TBI Coma Survivor: Betty Part Two
One of the common denominators of all TBI coma cases is the shock of the phone call to the family. Our page http://waiting.com written in 1997 begins with these words:
“You have a phone call”
“From the hospital.” he adds.
Everything turns flat and dull. I pick up the phone and a voice tells me my husband has been in an accident.Everything takes on an air of unreality.
I am so trapped in that moment that I can scarcely breathe.
Caregivers response to their loved ones in a TBI coma
Perhaps what grabbed me so much the first time I heard Lethan’s story, “Who Am I Again” was the voice of his mother, with eerily similar words, her remembering to take the dog out before she rushed to the hospital. I am always touched by that voice, even when it is coming third hand as it does with Lethan, as it does with Betty. Betty tells about her parents vigil while waiting for her to come out of her TBI coma:
Both of them got on a plane and flew down Thanksgiving Day. My father, who is a dentist, stayed in Mississippi with my mom for approximately a week or a week and a half and then he had to come back up to return to work and my mother slept on a cot in my room or in another room in the hospital the whole time I was there.
It is clear that the fork in the road choice that put Betty in that car, has caused her father considerable heartache.
I’m particularly close to my dad and a few years later after my injury my dad said that he had woke up that morning and he felt – had a sick feeling and he had gotten an emergency call so he had to go to his office. Immediately he tried calling me to tell me not to go to Kim’s mother’s house and by the time he got through my roommates told him that I had already left. So he was the one that answered the phone when the neurosurgeon called.
Clearly those questions of fate trouble everyone who has spent time in an ICU waiting room, waiting on their loved one to come out of their TBI coma, yet reversing the order of things would not eliminate tragedy just shift it. Events are set in motion by each little choice that any of us make, all of our destinies intertwined. The only blame lies with those who acted without due regard for the safety of others because those choices are an invitation to tragedy, a tempting of the Gods of fate. Thus as we keep in our hearts the permanent tragedy of traumatic brain injury, the immediate and long term grief of those who have waited is always remembered.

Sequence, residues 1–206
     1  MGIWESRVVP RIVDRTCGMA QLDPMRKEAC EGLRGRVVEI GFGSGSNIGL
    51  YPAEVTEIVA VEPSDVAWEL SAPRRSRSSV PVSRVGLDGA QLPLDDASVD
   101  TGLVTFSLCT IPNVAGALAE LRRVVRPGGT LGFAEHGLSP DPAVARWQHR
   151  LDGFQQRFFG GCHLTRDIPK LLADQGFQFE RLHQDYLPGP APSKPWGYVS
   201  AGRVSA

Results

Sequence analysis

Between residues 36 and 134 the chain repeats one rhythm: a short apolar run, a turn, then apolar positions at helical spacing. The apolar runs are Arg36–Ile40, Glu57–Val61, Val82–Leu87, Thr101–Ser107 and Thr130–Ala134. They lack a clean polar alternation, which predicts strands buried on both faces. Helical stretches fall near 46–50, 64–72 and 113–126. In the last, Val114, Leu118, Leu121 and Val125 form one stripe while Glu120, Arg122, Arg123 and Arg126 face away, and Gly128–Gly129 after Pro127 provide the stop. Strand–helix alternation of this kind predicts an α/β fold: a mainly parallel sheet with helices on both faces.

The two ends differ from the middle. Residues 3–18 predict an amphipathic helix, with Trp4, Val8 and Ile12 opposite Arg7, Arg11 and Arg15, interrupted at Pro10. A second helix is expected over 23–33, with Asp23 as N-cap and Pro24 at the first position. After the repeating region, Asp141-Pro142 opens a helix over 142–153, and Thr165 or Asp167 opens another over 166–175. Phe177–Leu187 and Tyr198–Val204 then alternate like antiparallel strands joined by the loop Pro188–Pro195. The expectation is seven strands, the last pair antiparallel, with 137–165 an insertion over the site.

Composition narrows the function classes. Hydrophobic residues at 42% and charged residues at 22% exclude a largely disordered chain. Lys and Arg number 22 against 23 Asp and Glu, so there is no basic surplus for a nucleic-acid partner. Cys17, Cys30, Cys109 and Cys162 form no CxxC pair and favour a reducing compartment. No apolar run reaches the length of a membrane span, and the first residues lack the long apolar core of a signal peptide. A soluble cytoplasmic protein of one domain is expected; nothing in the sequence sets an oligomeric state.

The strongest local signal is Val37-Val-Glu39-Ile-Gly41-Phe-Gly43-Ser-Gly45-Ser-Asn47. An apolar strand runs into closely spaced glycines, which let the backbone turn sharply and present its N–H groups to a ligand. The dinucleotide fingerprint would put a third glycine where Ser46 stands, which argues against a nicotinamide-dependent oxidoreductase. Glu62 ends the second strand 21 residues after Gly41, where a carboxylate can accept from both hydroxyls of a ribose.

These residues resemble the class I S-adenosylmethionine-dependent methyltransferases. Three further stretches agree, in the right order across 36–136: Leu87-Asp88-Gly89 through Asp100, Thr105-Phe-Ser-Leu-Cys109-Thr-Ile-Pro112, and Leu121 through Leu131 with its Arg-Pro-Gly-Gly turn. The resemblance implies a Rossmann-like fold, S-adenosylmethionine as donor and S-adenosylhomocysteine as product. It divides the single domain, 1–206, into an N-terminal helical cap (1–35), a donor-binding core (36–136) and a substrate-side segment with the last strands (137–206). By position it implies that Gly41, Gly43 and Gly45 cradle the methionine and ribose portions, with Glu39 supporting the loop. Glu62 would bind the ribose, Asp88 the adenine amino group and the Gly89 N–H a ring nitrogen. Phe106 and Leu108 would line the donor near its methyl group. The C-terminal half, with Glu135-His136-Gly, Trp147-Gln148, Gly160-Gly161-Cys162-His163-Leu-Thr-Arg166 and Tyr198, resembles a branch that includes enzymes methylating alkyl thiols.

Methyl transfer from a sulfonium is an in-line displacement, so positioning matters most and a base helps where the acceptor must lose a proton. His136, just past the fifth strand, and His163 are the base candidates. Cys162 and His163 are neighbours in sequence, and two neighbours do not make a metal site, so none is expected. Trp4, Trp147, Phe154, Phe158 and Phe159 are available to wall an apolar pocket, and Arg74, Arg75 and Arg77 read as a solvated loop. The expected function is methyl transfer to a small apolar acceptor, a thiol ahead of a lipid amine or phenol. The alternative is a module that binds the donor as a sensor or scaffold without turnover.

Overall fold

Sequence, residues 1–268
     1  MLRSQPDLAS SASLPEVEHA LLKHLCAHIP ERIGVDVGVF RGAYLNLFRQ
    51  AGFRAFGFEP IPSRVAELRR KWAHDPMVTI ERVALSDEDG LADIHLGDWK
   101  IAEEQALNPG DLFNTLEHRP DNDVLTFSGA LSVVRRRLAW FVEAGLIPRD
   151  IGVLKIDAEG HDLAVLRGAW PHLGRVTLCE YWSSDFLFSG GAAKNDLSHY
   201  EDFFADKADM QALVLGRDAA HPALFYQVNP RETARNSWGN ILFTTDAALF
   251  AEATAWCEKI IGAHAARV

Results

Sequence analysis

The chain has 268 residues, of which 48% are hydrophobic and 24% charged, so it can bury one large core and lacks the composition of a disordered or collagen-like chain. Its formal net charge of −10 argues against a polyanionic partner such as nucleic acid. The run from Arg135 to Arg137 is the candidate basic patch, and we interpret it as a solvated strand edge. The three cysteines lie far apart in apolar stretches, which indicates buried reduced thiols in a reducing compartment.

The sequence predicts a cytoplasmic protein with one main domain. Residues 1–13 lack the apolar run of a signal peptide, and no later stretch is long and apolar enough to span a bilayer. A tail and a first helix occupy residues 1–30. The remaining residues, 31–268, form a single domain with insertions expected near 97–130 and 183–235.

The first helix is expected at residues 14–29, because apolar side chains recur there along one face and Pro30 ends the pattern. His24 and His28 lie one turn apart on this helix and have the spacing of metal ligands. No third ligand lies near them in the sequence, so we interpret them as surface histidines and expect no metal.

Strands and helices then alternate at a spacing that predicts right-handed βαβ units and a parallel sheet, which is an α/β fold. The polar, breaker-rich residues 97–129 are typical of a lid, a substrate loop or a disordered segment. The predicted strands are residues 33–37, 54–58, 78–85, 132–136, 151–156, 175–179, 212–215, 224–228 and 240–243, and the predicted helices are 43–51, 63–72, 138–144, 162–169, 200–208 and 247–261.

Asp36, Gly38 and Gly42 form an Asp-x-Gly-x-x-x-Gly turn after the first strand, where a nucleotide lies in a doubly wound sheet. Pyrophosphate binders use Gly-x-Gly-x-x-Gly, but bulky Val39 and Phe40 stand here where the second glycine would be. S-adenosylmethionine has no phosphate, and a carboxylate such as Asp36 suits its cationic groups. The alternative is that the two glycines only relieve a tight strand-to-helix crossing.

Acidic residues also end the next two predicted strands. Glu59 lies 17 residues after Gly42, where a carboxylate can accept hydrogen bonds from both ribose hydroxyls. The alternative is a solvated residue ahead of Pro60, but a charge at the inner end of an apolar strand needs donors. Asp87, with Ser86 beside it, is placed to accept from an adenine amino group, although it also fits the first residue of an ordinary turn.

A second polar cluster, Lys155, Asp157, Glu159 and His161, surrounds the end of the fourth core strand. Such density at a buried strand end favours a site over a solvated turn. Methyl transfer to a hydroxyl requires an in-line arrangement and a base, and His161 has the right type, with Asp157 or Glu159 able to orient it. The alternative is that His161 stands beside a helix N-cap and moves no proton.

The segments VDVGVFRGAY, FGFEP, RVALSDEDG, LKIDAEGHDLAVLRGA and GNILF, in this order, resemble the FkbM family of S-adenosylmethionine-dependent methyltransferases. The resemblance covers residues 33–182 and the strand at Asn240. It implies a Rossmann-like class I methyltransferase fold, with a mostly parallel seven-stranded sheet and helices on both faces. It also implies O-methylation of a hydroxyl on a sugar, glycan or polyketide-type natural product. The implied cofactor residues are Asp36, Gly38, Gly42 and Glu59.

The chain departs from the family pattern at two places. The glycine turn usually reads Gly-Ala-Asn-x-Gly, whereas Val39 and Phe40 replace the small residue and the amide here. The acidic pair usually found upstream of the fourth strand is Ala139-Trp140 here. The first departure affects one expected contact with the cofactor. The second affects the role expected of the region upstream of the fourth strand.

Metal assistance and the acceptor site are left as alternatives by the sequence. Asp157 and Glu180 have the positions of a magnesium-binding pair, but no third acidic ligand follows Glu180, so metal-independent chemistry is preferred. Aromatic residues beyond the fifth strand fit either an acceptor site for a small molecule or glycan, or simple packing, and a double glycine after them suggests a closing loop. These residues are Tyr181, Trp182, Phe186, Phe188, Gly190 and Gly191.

I can very distinctly remember the voice on our answering machine. It was my son’s room mate and he was trying to tell me that Jon had been in an accident and they flew him down to Phoenix…he was in a coma. Cold water flowing down my back, shaking legs and hands… I called to hospitals trying to figure out where he was. The next day I was going to try to get a ticket from Albany NY to Phoenix but I passed out in the bathroom and spent the day in the ER. No reason for the faint, I just blacked out. I’ve been hurt before but this was all new territory for a father to experience. The neurologist in Phoenix told me to go home, forget about my son, he was gone and would never wake up. He was wrong, mostly. Jon “woke up” for a year or so, trying to mouth words, giving us the “thumbs up”. Then he had 3 grand mal seizures and he hasn’t moved or tried since. It’s been 11 years.